What is aquaplaning
Aquaplaning occurs when you drive your car through rain and puddles. Normally, the notches in the tires ensure that the water is drained and your tires remain in contact with the road surface. This ensures the grip and a safe trajectory. But when there is too much water or the notches are worn and they cannot handle the amount of water, a layer of water forms under the wheels which can cause your car to lose grip on the track and you can start skidding. The higher the speed and the deeper the water, the greater the risk. So be careful when you are on the track in wet weather. You will notice it once your revving suddenly rises and you suddenly see an incorrect speed. Depending on which tires aquaplaning occurs, you will slip in a certain direction.
What are the causes of aquaplaning?
- Speed is one of the main factors that increase the risk of aquaplaning. At too high speeds, the tires do not have enough time to drain the water.
- Water depth: The deeper the water, the less grip you have.
- Tread depth of your tires. Your tires will naturally wear out when you are out on the road a lot and that causes the tread depth to drop, this means that there is less space for the water to drain and increases the risk of aquaplaning.
- Profile pattern: Some patterns have a better effect with aquaplaning, you can always ask your garage about this
- Tire pressure: Tires that are over-inflated or under-inflated also cause these problems
- Tire size: The normal tire is made for this, but especially special tires that are thinner than normal can also cause problems. Here the rule counts, the larger the contact area, the smaller the risk.
- Vehicle propulsion: It may seem illogical but in certain circumstances the risk of aquaplaning is greater with 4-wheel drive than with 2-wheel drive.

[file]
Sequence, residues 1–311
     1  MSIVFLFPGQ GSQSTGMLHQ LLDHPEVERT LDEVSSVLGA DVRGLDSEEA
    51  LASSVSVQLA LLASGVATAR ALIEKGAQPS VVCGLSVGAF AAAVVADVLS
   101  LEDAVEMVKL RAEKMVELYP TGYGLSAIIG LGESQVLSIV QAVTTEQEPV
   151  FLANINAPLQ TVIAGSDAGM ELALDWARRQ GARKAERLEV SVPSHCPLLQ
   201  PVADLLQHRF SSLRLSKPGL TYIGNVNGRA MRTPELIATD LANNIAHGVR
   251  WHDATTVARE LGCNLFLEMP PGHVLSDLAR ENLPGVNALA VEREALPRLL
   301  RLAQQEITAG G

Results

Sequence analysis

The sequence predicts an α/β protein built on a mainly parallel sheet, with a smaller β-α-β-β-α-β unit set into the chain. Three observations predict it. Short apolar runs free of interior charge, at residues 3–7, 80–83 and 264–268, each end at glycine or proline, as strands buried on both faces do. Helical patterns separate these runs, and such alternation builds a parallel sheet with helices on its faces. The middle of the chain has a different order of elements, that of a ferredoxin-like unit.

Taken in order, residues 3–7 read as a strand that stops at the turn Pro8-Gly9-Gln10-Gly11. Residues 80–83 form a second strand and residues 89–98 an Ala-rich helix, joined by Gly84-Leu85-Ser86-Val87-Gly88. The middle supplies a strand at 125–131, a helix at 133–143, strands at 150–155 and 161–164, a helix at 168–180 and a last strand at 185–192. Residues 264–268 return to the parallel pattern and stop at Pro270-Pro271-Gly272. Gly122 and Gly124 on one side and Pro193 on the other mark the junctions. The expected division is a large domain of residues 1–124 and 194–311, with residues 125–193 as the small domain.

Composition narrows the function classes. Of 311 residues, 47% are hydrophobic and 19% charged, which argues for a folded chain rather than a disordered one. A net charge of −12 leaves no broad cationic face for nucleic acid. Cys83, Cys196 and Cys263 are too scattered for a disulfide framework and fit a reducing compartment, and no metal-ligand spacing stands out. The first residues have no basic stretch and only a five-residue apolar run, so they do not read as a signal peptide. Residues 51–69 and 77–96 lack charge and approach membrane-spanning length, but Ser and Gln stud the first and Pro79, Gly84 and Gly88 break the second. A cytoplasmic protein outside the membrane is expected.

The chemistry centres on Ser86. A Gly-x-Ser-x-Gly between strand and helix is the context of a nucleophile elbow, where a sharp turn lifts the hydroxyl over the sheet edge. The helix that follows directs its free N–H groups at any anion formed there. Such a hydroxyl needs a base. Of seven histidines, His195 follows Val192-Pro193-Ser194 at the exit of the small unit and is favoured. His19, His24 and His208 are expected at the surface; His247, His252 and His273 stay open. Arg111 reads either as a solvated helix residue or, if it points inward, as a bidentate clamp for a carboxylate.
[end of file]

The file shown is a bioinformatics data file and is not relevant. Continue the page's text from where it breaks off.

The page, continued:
- Vehicle weight: The heavier the vehicle, the less risk. But that does not mean that if you are driving a heavy vehicle you are not at risk.
- Road surface: Aquaplaning is more likely to occur on level roads than on roads with grooves. You would think that we would benefit from this with our Belgian roads, but beware 😉
- All of the above, you often get to see this in a survey, but it also counts here. The more of the above you put all together, the greater the risk. Do you know that you are driving with reasonably worn tires, for example? Then be extra careful with your speed in wet weather.
How should I prevent aquaplaning?
You have to consider all the causes listed above. Adjusting your speed in wet weather is the most important thing to remember. Especially when the track is full of puddles. In addition, you should also regularly check your tires, regularly check the tread depth of your tires, 1.6 mm is the legal minimum. Your tire pressure depends on the tire and car, but you can always find this in the manual or you can ask the garage. Also keep a sufficient distance from the other cars on the track. If you start to skid, there is less chance that you will hit someone and you can still safely get the car back under control. Finally, you can also turn off your cruise control. This provides better control over the speed and a difference in reaction speed.
How do I react to aquaplaning?
The most important rule is as always, keep calm and don’t panic. Your car can quickly regain traction as soon as you slow down and/or you end up on a patch with less water. Do not brake suddenly, but try to brake on the engine. If you use the brakes too suddenly, you may lose control of your steering wheel. Then keep both hands on the wheel and keep focused on the direction you have to travel. Don’t start to pull your steering wheel brusquely because then your car can start spinning.